No Revenues belonging.

The Gentlemen in these Societies may be divided into Four Ranks: 1. Benchers. 2. Utter Barristers. 3. Inner Barristers: And, 4. Students.

Four Ranks.

BENCHERS are the Seniors, to whom the Government of the House, and Ordering the Matters thereof, is committed: And out of these a Treasurer is yearly chosen; who receiveth, disburseth and accounteth for all Monies belonging to the House.


UTTER BARRISTERS are such, as from their Learning and Standing are called by the Benchers, to plead and argue in the Society doubtful Cases and Questions; which are called Moots: And whilst they argue the said Cases, they set uttermost on the Forms of the Benchers, which they call the Bar. Out of these Mootmen are chosen Readers for the Inns of Chancery, which belong to the Inns of Court, of which they are Members; where in Term Time, and Grand Vacations, they argue Cases in the Presence of Attorneys and Clerks.

Utter Barristers.



All the rest of the Society are accounted INNER BARRISTERS; who, for want of Learning or Time, are not to argue in these Moots: Yet, in a Moot before the Benchers, Two of these sitting upon the same Form with the Utter Barristers, do (for their Exercises) recite by heart the Pleading of the same Moot Case, in Law French; which Pleading is the Declaration of the said Moot Case at large; the one taking the Part of the Plaintiff, and the other of the Defendant.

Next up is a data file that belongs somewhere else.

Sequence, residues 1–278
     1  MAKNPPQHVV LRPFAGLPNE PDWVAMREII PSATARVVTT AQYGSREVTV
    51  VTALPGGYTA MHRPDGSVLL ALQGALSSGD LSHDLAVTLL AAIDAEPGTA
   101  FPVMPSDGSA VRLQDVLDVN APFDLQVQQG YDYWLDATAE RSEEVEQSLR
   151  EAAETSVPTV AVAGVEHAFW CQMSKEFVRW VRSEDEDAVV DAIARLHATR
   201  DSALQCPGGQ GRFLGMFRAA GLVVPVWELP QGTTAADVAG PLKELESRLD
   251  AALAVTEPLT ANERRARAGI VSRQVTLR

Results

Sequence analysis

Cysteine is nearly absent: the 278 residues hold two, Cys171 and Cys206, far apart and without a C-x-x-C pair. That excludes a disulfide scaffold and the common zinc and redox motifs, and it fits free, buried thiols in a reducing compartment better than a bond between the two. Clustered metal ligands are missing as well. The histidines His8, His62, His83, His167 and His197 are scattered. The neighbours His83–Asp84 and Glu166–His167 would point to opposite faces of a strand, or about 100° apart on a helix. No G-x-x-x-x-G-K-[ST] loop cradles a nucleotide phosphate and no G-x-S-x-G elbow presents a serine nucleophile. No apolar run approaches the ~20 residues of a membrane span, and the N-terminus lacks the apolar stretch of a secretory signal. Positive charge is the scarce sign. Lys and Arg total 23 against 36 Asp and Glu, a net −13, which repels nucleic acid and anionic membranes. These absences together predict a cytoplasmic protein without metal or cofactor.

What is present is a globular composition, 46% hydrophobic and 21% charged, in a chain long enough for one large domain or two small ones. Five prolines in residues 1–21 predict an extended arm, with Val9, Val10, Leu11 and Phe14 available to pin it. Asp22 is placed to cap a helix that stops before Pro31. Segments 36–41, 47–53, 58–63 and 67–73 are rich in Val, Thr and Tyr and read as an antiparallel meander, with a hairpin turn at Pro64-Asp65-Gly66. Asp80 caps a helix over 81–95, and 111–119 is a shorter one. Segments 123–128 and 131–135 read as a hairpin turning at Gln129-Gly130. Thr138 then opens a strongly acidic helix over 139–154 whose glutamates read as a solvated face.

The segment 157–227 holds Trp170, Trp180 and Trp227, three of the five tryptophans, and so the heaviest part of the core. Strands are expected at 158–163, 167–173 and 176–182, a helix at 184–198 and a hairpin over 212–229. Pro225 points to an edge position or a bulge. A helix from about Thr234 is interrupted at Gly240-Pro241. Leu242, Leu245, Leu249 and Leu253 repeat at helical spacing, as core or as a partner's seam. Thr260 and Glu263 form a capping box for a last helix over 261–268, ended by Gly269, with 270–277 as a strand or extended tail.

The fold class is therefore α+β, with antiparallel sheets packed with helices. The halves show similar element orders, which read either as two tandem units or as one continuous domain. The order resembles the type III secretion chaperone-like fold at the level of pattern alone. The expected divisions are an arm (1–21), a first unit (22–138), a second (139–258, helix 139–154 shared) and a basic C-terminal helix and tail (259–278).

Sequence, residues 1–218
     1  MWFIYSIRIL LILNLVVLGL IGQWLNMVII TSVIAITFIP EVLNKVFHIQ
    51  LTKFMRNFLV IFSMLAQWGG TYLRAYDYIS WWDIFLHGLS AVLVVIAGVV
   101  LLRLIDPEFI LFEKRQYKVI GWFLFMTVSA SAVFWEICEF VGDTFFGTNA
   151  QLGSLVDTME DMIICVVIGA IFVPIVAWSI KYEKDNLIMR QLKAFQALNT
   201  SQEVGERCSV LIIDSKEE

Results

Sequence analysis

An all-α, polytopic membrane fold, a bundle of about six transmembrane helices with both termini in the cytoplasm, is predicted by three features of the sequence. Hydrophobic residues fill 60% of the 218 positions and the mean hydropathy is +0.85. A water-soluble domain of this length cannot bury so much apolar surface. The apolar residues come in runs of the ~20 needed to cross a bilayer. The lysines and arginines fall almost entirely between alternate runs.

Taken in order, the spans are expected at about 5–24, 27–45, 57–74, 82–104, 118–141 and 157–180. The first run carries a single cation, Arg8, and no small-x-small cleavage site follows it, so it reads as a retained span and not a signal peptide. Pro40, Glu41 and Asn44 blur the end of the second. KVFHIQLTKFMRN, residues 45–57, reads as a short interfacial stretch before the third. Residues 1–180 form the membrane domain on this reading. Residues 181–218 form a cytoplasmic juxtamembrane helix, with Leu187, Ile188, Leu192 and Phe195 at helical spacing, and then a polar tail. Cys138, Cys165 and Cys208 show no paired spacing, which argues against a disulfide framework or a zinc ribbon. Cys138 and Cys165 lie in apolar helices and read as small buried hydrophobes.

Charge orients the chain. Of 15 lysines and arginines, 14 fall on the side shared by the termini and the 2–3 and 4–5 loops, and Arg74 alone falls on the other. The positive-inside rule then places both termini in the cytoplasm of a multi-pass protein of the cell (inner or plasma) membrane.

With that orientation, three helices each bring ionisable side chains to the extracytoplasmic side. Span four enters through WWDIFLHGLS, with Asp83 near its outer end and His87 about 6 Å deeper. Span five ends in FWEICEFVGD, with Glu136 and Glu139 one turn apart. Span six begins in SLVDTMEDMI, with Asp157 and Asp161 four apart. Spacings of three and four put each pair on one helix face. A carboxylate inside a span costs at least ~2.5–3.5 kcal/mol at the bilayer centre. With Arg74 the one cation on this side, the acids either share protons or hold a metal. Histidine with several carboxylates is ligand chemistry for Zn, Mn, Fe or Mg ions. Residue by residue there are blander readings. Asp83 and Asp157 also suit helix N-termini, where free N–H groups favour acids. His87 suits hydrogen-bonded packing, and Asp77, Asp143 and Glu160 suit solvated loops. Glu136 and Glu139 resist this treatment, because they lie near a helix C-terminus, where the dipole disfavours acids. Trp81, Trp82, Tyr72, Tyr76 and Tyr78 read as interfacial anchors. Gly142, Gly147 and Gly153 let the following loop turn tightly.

Inner Barristers.

For the Times of these Mootings, they divide the Year into Three Parts; viz. 1. The Learning Vacation. 2. The Term Times. And, 3. The Dead, or Mean Vacation.

Times for Mooting.

They have Two Learning Vacations; viz. Lent Vacation, which begins the first Monday in Lent, and continues Three Weeks and Three Days; and Summer Vacation, which begins the Monday after Lammas Day, and continues also Three Weeks and Three Days. And in these Vacations are the greatest Conferences, and Exercises of Study.

The Manner of these Readings.


The Benchers appoint the eldest Utter-Barrister to read amongst them openly in the Hall; (of which he hath notice Half a Year before.) The first Day, he makes choice of some Act, or Statute, whereupon he grounds his whole Reading for that Vacation. He reciteth certain Doubts, and Questions which he hath devised upon the said Statute, and declares his Judgment thereon. After which, one of the Utter-Barristers repeateth one Question propounded by the Reader, and (by way of Argument) doth labour to prove the Reader's Opinion to be against Law. And after him, the Senior Utter-Barrister and Reader, one after another, do declare their Opinions and Judgments in the same. And then the Reader who did put the Case, endeavours to confute the Objections laid against him, and to confirm his own Opinion. After which, the Judges and Serjeants (if any be there) declare their Opinions. Then the youngest Utter-Barrister again rehearseth another Case, which is prosecuted as the former was. And this Exercise continueth daily three or four Hours.


The Manner of Reading, both in Lent and Summer Vacations, are performed after the same manner. And usually, out of these Readers the Serjeants are chosen.